Dr. Shelanski’s 20 years as chairman of the Department of Pathology were saluted in a November event, “Neuronal Function and Degeneration: A Symposium to Honor Michael L. Shelanski, M.D., Ph.D.” Presentations were made by his former trainees, Dennis J. Selkoe, M.D., Harvard Medical School; Virginia M-Y Lee, Ph.D., MBA, University of Pennsylvania School of Medicine; Stephen Salton, M.D., Ph.D., Mount Sinai School of Medicine; Ronald K.H. Liem, Columbia University; and Rajiv R. Ratan, M.D., Ph.D., Weill Medical College of Cornell.
After serving on the faculty of the Albert Einstein College of Medicine, Harvard, and NYU, Dr. Shelanski joined P&S in 1987 as the Francis E. Delafield Professor and Chairman of Pathology. He is internationally known for his pioneering studies of the cytoskeleton, particularly the structure of the cytoskeleton of neurons. He has conducted important studies of the biological function of microtubules and neurofilaments, which hold potential significance in understanding the aging brain and nervous system and such neurological diseases as Alzheimer’s. He was elected to the prestigious Institute of Medicine in 1999.
He also directs the M.D./Ph.D. program at P&S and is co-director of the Taub Institute for Research on Alzheimer’s Disease and the Aging Brain. After attending Oberlin College, he received M.D. and Ph.D. degrees from the University of Chicago. Before joining P&S, he was professor and chairman of the Department of Pharmacology at NYU.
Gerald Fischbach, M.D.
In November, a symposium that saluted the leadership and career of Dr. Fischbach was titled, “From Basic Science to Public Policy: A Tribute to the Scientific and Academic Leadership of Gerald D. Fischbach, M.D.”
Dr. Fischbach, who was executive vice president of the medical center and P&S dean from February 2001 until June 2006, is former director of the National Institute of Neurological Disorders and Stroke of the NIH and former faculty member at Harvard and Washington University.
A neuroscientist by training, he is past president of the Society of Neuroscience. He is a member of the Institute of Medicine and the American Academy of Arts and Sciences, a Fellow of the American Association for the Advancement of Science, and a nonresident Fellow of the Salk Institute.
As a scientist, he has pioneered the use of nerve cell cultures to study the electrophysiology, morphology, and biochemistry of developing nerve-muscle and inter-neuronal synapses.
The symposium was hosted and moderated by Eric Kandel, M.D., University Professor, the Fred Kavli Professor, director of the Kavli Institute for Brain Sciences, and senior investigator, Howard Hughes Medical Institute; and Timothy A. Pedley, M.D., chairman of the Department of Neurology.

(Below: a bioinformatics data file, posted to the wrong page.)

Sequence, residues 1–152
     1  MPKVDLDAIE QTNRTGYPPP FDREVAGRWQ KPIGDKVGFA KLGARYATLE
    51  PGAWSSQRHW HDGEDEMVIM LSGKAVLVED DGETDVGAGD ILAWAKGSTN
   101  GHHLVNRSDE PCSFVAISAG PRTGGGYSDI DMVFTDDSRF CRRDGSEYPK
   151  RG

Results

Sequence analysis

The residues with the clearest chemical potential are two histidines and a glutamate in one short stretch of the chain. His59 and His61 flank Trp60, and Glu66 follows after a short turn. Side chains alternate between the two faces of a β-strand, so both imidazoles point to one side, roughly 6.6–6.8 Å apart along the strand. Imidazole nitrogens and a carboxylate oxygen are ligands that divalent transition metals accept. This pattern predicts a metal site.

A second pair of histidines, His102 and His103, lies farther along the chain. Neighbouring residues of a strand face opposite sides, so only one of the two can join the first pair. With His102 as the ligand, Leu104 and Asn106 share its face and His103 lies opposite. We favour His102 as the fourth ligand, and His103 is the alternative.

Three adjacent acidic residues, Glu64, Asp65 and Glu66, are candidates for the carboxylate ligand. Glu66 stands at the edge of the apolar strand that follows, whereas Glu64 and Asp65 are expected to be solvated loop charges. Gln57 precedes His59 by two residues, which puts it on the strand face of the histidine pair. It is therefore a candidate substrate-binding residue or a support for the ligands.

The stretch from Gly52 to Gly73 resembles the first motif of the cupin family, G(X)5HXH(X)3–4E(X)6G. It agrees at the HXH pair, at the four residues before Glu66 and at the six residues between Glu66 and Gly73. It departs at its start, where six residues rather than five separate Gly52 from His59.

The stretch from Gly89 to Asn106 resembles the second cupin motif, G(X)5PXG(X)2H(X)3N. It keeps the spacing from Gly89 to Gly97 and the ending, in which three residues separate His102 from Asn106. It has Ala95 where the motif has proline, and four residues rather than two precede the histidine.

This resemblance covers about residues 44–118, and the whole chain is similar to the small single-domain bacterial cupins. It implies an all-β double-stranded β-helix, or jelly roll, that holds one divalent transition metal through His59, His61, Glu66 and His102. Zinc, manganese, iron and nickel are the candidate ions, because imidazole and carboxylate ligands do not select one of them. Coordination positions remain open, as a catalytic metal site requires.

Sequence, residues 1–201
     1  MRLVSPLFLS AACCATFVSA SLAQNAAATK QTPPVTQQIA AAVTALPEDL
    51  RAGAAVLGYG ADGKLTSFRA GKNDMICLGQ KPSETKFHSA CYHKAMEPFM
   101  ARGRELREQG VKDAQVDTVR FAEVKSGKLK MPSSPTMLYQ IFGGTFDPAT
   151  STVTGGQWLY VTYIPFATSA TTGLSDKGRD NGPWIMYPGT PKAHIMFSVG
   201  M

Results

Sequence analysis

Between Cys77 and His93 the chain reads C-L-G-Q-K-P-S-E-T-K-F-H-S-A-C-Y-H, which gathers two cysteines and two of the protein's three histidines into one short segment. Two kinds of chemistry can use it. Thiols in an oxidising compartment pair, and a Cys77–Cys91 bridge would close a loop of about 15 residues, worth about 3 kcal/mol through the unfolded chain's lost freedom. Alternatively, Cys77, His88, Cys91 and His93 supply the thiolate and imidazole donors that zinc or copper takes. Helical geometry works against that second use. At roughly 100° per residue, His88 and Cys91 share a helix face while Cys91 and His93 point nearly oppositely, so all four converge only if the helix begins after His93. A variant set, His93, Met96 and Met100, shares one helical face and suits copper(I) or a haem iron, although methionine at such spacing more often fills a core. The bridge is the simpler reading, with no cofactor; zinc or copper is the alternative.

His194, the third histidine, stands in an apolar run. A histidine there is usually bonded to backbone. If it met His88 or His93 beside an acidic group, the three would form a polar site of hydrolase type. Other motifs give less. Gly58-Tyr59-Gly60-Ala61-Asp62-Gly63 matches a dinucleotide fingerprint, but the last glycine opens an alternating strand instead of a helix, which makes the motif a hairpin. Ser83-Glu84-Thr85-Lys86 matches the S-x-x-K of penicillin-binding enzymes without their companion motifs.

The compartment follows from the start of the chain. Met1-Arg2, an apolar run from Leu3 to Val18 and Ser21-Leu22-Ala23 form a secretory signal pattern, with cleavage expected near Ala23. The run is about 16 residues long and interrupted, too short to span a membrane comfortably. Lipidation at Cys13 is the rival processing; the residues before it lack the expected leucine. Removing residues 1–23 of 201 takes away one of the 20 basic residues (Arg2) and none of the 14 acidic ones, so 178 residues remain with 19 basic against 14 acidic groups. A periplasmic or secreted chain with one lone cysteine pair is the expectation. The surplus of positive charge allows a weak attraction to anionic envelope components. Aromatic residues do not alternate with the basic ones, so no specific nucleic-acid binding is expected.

Presentations were given by Thomas M. Jessell, Ph.D., Columbia University; Charles F. Zorumski, M.D., Washington University; Roderick MacKinnon, M.D., Rockefeller University; Story Landis, Ph.D., National Institute of Neurological Disorders and Stroke; and Zach W. Hall, Ph.D., California Institute for Regenerative Medicine. David Hirsh, Ph.D., executive vice president for research, gave closing remarks on Dr. Fischbach’s leadership of academic medicine at Columbia.
Health Care in the Community: What Does it Mean?
P&S students try to answer the question at a pioneering conference
By Robin Eisner
The word community, derived from the Latin word communis, refers to that which is common, public, general, or shared by all or many. We all carry inside of us some idea of community, be it where we grew up or live now, or how we identify our race, religion, politics, socioeconomic status, or gender. That sense of being in a community often defines our sense of self.
When people come to see a doctor in an office, medical clinic, or hospital, they often are venturing from one kind of community into another. Understanding the role community plays in defining the patient and physician relationship and developing ways to improve partnerships between medicine and community were some of the goals of a medical center conference, “The Community Pulse,” organized by a group of P&S students.
The one-day conference in September 2006 brought together approximately 65 participants students and faculty from the medical, dental, nursing, and public health schools and other schools of Columbia University and students and professionals from elsewhere, including New York University and the World Health Organization to discuss community and health.
“Although as students, many of us came to P&S because of its location in New York City and the Washington Heights community, and in our course work we address cultural competency and sensitivity to groups who are different than ourselves, some of us wanted to delve deeper into the issue of community,” explains Lauren Taggart Wasson’09, one of the conference organizers.
“We wanted to begin a dialogue exploring how we, as medical professionals, can work with communities rather than dictate the terms of the relationship, as might have been done in the past. We wanted to figure out how to determine what kind of services members of the community really need beyond what we as clinicians or researchers think they need. We wanted to explore the relationship between global issues in medicine and their impacts locally. Ultimately, we are hoping to become members of communities working together as partners in health care.”